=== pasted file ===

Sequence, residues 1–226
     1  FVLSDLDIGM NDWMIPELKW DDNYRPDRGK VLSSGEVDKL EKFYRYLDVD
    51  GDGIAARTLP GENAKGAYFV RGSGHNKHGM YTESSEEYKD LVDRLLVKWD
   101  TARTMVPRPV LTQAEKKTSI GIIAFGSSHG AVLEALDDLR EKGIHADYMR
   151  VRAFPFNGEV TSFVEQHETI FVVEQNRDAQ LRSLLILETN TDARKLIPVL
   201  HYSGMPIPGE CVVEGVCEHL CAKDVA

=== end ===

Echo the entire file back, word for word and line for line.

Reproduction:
Sequence, residues 1–226
     1  FVLSDLDIGM NDWMIPELKW DDNYRPDRGK VLSSGEVDKL EKFYRYLDVD
    51  GDGIAARTLP GENAKGAYFV RGSGHNKHGM YTESSEEYKD LVDRLLVKWD
   101  TARTMVPRPV LTQAEKKTSI GIIAFGSSHG AVLEALDDLR EKGIHADYMR
   151  VRAFPFNGEV TSFVEQHETI FVVEQNRDAQ LRSLLILETN TDARKLIPVL
   201  HYSGMPIPGE CVVEGVCEHL CAKDVA